Smartgroup Outperforms Despite Industry Headwinds
Salary packaging and administration services company, Smartgroup has been faced with a series of challenges in the past year. As a result of the disappointment, several brokers have proceeded to downgrade the stock. For starters, the firm’s longest-serving CEO Deven Billimoria who has been with the company since it was first established, has left his role in February 2020. Mr Billimoria is currently succeeded by Chief Financial Officer, Tim Looi.
Additionally, the firm’s major shareholder, Malaysia’s Smart Packages has announced that it will be selling its 32 million shares, or 25 per cent ownership in the company via Macquarie. The broker was asking for bids at $11.30 a share, whose aggregate amount will come to $370 million. Prior to this, Smart Packages was Smartgroup’s most substantial shareholder. Additionally, the company is also an indirect subsidiary of Usaha Tega, a private investment company headquartered in Malaysia. Moving forward, its next biggest shareholder is Challenger Limited, which reported a 5 per cent stake in the company.
Presently, the company’s insurance underwriter has made changes to the product terms and conditions. These changes will be implemented as part of the renewal of Smartgroup’s agreement with its underwriter in May 2020. As a result, its share price plummeted 16 per cent shortly after the announcement as Smartgroup foresees the changes to hit profits adversely. Specifically, net profit will likely see a $4 million decline in 2020, a 10 per cent downgrade according to 2019 earnings.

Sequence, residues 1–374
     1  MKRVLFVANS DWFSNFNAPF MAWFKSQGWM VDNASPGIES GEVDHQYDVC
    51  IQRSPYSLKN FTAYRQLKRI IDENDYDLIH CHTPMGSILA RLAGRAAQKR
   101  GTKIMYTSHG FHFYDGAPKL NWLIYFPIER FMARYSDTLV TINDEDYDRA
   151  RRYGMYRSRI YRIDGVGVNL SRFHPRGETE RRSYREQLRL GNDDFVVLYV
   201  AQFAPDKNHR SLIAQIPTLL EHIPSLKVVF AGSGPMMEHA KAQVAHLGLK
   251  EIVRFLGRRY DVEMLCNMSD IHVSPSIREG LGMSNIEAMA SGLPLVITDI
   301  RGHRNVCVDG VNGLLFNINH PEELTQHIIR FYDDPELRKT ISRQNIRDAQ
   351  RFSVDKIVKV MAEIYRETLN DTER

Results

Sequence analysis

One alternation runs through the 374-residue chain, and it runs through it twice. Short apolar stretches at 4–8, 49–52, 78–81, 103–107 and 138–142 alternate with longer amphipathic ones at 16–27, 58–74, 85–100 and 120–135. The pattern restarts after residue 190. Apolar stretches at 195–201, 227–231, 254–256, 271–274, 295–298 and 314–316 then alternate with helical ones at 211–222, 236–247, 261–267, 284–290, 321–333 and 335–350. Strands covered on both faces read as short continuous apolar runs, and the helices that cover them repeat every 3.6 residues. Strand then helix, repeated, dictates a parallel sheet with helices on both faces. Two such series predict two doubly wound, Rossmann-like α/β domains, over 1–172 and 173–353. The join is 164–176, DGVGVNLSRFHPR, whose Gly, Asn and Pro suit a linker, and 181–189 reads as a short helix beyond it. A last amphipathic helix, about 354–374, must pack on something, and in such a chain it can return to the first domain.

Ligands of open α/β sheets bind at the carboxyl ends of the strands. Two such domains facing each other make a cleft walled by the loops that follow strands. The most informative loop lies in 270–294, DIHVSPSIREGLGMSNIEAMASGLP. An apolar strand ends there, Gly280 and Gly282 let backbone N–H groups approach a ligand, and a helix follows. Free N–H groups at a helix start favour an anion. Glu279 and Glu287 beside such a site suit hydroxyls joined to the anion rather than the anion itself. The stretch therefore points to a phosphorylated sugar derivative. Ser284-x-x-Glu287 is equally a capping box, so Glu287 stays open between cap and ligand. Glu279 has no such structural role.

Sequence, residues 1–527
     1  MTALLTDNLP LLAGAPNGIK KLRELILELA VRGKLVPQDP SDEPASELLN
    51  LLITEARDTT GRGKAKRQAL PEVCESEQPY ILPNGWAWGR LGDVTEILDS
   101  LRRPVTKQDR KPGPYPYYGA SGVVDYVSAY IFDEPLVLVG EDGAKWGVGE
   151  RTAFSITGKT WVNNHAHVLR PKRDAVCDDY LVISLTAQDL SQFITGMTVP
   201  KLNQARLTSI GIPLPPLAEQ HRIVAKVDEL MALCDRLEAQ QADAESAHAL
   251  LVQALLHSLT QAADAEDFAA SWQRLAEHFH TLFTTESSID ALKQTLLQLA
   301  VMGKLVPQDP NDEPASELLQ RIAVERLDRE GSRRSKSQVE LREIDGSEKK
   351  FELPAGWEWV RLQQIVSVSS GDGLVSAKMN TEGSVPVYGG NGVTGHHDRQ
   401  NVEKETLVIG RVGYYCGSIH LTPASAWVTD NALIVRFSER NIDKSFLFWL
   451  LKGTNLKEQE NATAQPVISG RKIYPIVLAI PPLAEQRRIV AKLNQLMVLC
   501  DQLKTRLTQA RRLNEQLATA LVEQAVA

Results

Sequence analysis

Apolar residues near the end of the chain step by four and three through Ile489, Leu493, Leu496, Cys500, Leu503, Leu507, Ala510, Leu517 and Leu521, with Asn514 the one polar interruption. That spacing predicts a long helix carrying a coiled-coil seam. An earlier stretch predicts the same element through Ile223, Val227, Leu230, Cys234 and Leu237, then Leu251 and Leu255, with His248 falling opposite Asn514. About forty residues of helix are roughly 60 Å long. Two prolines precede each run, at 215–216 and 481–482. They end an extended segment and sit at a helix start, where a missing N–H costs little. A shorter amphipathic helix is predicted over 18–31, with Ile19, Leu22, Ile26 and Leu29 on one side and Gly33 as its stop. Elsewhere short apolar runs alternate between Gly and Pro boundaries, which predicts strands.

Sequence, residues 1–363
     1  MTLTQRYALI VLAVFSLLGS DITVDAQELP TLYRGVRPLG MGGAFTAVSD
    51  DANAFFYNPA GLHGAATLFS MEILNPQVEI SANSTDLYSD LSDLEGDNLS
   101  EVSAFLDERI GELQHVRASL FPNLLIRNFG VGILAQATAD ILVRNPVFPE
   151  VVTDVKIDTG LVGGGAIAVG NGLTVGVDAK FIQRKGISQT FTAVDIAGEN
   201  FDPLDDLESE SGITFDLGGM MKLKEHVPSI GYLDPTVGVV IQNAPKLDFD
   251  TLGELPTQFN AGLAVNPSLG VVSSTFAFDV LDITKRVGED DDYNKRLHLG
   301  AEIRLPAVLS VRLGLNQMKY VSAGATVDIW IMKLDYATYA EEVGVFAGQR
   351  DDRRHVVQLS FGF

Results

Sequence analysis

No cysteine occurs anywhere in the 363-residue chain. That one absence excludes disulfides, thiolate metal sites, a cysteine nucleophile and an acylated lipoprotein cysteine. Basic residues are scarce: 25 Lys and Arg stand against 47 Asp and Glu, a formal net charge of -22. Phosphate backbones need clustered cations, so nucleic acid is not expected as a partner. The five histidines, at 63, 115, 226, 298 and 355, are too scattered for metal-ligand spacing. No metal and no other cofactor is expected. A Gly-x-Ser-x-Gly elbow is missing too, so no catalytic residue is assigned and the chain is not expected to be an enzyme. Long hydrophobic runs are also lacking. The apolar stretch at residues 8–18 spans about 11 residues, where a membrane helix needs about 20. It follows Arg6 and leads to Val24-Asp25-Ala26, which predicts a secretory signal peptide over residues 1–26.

Consequently, the lower insurance product pricing will, in turn, translate to lower commissions for the firm and less revenue Smartgroup obtains from providing services to its underwriter. From a broader point of view, brokers view the regulatory scrutiny on add-on insurers as a permanent reduction in earnings. More notably, Morgan Stanley identifies the modest loss ratio on several of its insurance products that are sold as part of the lease offerings which drew the attention of regulators.
The underwriter’s response was to widen the scope of what is claimable all while reducing premiums. This caught the attention of Ord Minnett, who did not see how the company could mitigate the impact as a result. Amid all the negativity, Smartgroup produced decent results in its full-year results for 2019. As opposed to expectations, Smartgroup finished the year with a 4 per cent increase in profits. Specifically, it attributes its success on its ongoing strategy of increased automation and service expansion through acquisition and partnerships.
The company now owns 49 robots functioning within the operations and customer service sectors, equivalent to that of 55 digital FTEs. As the regulatory review surrounding add-on insurances persists, Smartgroup performed well despite facing industry headwinds. Specifically, total novated leasing volumes spiked close to 5 per cent even as sales within Australia’s private new vehicle plummeted 8 per cent in 2019.
By Caroline Wong
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